I soon finish my Queen's University English Degree (at the end of July-whew!) and have a pile of bestsellers waiting for me to read. However, my passion for classic lit and great novels will forever stay with me. It's been a wonderful way to improve my writing and understand the subtleties of character, plot, setting, dialogue, etc. I saw this video today and the diversity within its pages intrigued me. Has anyone read Ulysses by James Joyce? If so, what did you think of it?
In partnership with Bernat & Patons Yarn (where I used to work), these good folk at YarnCanada.ca and Bernat & Patons are giving away $2000 worth of yarn to 12 different charitable individuals / groups. They're hoping to get as many applicants as possible to ensure the yarn goes to wherever it can do the most good.
There's less than a week left to apply.
Find details here: https://www.yarncanada.ca/for-good
Happy New year! And Happy Knitting!
Labour Day weekend special!
For 3 days only starting Friday and ending Monday at midnight, all my patterns on Ravelry are 50% off! Happy long weekend!
And Happy Knitting,
Available on Ravelry at: https://www.ravelry.com/designers/joanne-yordanou
on August 19/19.
At last, the Boho Sunset Shawl is finished and the pattern is ready on Ravelry! It took me so long because of life ups and downs, injuries, school, and a cottage renovation. Add a grand-puppy that I suddenly have to puppy-sit with my own good boy Shaq, and you have some very slow knitting. That's me. Not you, necessarily. This is a very easy shawl for the average bear. It's all Garter Stitch with an easy Lace Stitch which grows in rows. The tricky part is being very, very careful not to drop a stitch during lace sections (or any other), as the lace will unravel back to where you started it. So don't put you knitting down in the middle of a lace row unless you absolutely have to and even then, be mindful how and where you left it. I say this from experience. Otherwise, this is my new favourite pattern and a joy to knit with great results!
Here's the stats:
Asymmetrical: 60 ins [152.5 cm] W x 37” [94 cm] x H x 70” [203.5 cm] slope.
2 skeins Handmaiden Casbah 3-ply (80% Merino/10% Nylon/10% Cashmere.
Note:Colours are one of a kind. I used a custom dye made for Linda’s Craftique in Port Credit, Mississauga, Ontario, Canada (my home town). Linda inspired Handmaiden to dye Casbah with a photo of a Port Credit sunset as inspiration. Linda showed me the photo and the yarn and I was smitten. I had to design something. This asymmetrical shawl uses the Port Credit dye as (MC) with a matching purple (A) to finish it off plus the fringe. I look forward to seeing your own colour creations!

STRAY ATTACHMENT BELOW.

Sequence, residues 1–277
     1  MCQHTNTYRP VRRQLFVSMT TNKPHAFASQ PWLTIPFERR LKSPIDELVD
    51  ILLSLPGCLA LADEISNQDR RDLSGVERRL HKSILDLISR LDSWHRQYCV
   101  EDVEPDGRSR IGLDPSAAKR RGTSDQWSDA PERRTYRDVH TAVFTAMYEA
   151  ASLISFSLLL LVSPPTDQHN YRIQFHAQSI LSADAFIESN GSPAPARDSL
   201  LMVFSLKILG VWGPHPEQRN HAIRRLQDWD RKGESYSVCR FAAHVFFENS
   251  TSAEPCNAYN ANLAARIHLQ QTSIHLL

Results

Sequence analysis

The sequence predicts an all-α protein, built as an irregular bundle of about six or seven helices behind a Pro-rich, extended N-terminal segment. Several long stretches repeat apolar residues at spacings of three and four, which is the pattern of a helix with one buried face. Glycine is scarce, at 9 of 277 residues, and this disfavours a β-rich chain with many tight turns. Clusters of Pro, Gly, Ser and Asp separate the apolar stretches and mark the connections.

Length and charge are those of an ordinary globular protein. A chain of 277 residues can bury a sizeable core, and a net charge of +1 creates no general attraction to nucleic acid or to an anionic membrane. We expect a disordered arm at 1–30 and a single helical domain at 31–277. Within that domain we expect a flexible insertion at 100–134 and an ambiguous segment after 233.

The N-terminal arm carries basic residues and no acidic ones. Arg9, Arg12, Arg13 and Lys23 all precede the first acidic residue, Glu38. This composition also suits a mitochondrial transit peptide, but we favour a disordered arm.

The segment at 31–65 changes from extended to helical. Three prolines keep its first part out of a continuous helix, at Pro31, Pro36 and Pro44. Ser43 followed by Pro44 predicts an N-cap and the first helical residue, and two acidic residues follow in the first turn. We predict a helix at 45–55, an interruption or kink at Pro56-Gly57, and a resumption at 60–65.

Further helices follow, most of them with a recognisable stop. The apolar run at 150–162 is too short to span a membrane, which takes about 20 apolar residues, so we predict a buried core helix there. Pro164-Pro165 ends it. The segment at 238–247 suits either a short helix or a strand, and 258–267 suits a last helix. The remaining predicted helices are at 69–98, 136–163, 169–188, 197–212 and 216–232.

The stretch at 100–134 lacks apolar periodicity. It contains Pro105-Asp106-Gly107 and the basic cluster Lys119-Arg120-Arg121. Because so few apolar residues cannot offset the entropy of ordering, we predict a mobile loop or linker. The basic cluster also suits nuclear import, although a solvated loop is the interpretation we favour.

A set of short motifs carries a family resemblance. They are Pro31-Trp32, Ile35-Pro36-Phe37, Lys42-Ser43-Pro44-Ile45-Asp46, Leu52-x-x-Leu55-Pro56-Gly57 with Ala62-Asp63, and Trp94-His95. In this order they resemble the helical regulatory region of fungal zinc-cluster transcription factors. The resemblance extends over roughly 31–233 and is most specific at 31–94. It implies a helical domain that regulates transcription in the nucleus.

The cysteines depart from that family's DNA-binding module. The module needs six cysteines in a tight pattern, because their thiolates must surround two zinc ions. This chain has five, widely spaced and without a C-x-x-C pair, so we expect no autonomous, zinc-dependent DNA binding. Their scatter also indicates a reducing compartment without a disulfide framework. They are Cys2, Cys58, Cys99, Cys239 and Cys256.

What to start with? Mmm. Some of you know I've been working on an English degree. For many reasons, I've put my middle age brain through the paces and it revealed it still works. I've discovered that I've enjoyed university and delving into literature among other studies and that it really is just good old discipline that gets one through it. I think I was just as smart (or average intelligence) before uni as I am now, but I started this venture to improve my writing and if I was going to call myself a writer than I had better have some weight behind it.
For the past 4 years, I've taken courses through the summers. This year, no, which brings me to the freedom I've rediscovered. Designing knitwear while studying novels, short story, poetry and...ugh...grammar had slowed me down. In my Patons days, we churned out many designs, one booklet after another. It was fun work and I miss those days with Gayle and Svetlana and Sarah.
As soon as I decided to take this summer off, I picked up the needles and began creating. I found a few funny things had happened. The business of designing had changed a lot since Instagram took hold. Ravelry has exploded into a vast cache of patterns and a fantastic resource for both knitters (and crocheters) and designers, not to mention yarn companies. So I created a knitwear designer Instagram account and decided I need some new material.
I'm a slow knitter than before; a forefinger surgery gone-wrong is the reason. Yet, I'll soon have a lovely easy, yet challenging shawl/scarf pattern ready. Easy? Challenging? Which is it, Joanne, you may ask. I say easy, because most of it can be knit while watching TV (GoT, The Wire, True Detective, Criminal Justice, Big Little Lies, Peaky Blinders, Taboo - oh my!) . However, there are some easy, yet challenging lace parts that I've realized I can't knit while watching TV (esp. GoT), no matter how much I think I'm paying attention. I promise you, it will be a rewarding project. I'll just give you a hint: I'm using Handmaiden's Casbah and its scrumptious!!! I can't wait to share it with you!